edit on 10-2-2013 by Serdgiam because: (no reason given)



posted on Feb, 21 2013 @ 08:14 PM
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I'm a little late on the game here... but I'll put this out for what's it worth:

The best advice I've ever heard about building a PC, is to purchase all of your components from the same source.

If you don't, and something goes wrong... the one source will say "that part you bought from the other source is at fault!", and vice-versa.



posted on Feb, 22 2013 @ 08:12 AM
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reply to post by MarkJS
 


Not too late, I still appreciate the help. I have been ordering it all from Newegg.

Ordered the case last night. All I have left is the graphics card and the motherboard. And then the accessories and what not.

For the motherboard, going off advice here, I'd want more than one PCI Express x16 slot to help build off it later, right? That's what I'm looking around for now.



posted on Feb, 22 2013 @ 11:05 AM
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reply to post by MarkJS
 


I have never, ever had that happen. And there isnt a single computer out of the many I have built (it was my side-business for many years) that used the same source for all the parts. I always get my CPUs from microcenter, and the rest tends to be a toss up between sites like newegg, amazon, ebay, etc. I have had to return many of the parts and have done so with zero issue. The only time they can get really finicky is with dead pixels on monitors, and most have some sort of disclaimer allowing their monitors to contain up to "x" dead pixels before it is considered defective. I have never even been asked where I got the other parts, nor did I bring it up as I never found it relevant. "This part I bought from you is broken, I would like an exchange."

enjoies05,

Yes, that would be ideal for your motherboard. The size of the motherboard will be dictated to an extent by the case, so that will be another mitigating factor. There are many good brands out there (Asus, ASrock, Gigabyte, EVGA, and more) but sometimes individual motherboards are a bit of a dud. Sometimes this will be fixed with an updated "revision." Sometimes not. There can even be an entire chipset series from a manufacturer that doesnt live up to the quality of their other products.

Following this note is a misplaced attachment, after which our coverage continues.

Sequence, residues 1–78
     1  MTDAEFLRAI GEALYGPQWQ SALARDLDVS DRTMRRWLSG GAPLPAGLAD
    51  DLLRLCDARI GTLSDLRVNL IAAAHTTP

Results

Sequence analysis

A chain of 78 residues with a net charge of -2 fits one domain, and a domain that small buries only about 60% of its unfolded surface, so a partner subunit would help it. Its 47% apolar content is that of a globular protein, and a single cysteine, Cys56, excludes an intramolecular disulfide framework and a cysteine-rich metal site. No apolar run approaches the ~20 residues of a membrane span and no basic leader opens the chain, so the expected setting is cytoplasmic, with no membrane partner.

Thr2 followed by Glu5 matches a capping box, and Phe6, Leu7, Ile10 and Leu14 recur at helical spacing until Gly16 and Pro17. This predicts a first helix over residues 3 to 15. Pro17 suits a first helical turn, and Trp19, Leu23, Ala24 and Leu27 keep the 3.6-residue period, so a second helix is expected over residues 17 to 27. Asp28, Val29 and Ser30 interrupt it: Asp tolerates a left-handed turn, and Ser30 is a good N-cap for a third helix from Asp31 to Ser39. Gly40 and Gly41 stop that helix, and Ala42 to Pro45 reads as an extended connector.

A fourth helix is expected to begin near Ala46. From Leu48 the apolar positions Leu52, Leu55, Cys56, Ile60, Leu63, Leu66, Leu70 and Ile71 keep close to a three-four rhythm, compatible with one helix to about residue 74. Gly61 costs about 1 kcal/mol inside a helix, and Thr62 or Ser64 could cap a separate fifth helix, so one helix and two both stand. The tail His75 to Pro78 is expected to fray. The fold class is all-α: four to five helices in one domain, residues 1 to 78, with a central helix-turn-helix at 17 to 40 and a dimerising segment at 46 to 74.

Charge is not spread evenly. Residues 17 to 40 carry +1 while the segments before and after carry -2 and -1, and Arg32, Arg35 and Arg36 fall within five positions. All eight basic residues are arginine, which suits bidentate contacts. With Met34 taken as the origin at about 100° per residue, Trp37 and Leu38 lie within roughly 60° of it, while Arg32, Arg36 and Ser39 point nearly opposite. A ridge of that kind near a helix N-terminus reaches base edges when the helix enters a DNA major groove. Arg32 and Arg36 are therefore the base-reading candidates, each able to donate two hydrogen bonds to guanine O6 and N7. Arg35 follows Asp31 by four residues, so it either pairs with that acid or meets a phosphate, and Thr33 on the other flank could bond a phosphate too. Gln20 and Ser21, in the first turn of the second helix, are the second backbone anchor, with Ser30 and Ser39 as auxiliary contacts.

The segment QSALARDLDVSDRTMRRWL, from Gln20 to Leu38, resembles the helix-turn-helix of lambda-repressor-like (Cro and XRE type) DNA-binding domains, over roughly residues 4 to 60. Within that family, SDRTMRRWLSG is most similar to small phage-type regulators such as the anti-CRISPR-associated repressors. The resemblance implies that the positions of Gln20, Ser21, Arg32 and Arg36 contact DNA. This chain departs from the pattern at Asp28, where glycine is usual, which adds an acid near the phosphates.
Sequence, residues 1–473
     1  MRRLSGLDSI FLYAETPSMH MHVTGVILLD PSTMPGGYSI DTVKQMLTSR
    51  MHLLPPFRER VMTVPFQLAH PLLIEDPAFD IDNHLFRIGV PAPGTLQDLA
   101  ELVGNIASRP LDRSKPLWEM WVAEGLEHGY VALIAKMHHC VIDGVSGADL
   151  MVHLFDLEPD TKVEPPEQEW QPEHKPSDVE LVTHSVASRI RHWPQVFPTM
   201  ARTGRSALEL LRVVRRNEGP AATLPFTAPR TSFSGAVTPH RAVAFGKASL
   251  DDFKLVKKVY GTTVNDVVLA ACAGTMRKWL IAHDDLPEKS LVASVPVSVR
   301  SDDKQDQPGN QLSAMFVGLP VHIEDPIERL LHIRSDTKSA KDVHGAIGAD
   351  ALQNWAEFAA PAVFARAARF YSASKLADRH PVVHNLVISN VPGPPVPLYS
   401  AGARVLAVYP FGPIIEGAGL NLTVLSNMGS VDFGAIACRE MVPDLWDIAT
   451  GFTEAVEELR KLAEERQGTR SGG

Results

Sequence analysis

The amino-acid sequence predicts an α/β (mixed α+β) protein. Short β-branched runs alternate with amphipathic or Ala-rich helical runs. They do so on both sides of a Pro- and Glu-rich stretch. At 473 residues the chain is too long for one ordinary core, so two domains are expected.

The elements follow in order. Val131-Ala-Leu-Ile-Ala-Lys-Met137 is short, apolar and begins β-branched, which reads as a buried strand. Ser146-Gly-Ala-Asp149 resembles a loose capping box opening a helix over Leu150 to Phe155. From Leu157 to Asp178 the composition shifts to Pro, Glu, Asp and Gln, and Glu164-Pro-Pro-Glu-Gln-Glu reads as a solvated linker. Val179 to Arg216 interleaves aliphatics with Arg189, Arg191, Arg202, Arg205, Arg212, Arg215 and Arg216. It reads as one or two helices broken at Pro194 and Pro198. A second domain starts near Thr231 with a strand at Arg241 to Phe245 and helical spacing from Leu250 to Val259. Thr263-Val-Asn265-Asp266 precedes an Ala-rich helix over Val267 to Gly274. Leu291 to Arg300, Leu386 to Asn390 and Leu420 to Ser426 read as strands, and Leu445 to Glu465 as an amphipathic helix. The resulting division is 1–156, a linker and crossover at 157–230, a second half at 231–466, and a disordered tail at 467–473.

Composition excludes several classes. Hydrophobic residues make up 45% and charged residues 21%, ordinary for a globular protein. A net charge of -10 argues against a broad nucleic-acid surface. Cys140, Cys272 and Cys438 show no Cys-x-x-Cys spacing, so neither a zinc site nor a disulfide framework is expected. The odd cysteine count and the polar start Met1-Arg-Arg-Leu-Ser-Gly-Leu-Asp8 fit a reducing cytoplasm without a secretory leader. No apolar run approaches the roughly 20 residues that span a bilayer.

The way I suggest going about it is to look at what form factor you need, how many full GPU slots you need, how much RAM you need, what types of connections you need, and get it in the best chipset (denoted by Z77, and other markers) for your price range. This will end up putting you at a lesser number of boards, and then you can just compare them for specific features that you may want (dual boot, different types of external connections, amount of SATA slots).

So, what are you working with right now?
edit on 22-2-2013 by Serdgiam because: (no reason given)



posted on Feb, 22 2013 @ 06:27 PM
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Originally posted by enjoies05

Originally posted by enjoies05
reply to post by fourthmeal
 



www.newegg.com...

www.newegg.com...



Of those two, does anyone have opinions on which is the better option? Or should I be looking at others.


If thats all you have to spend on a graphics card I would rearrange the specs to leave more money for graphics. You wont be able to play most games at highest settings and get a good FPS rate with those cards.



posted on Feb, 26 2013 @ 10:19 AM
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reply to post by Serdgiam
 


Right now I have

8gb of RAM
DVD reader/writer
500w power supply
500gb harddrive
Intel Core i5-3470
Rosewill ATX mid tower case



posted on Feb, 26 2013 @ 10:32 AM
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Originally posted by enjoies05
reply to post by Serdgiam
 


Right now I have

8gb of RAM
DVD reader/writer
500w power supply
500gb harddrive
Intel Core i5-3470
Rosewill ATX mid tower case



Alright, so you still need a motherboard and GPU. If you were looking for a cheaper case, I would have strongly suggested the Antec 300. Rosewill is made "in house" by newegg, but their products can either be "ok" or very, very cheap.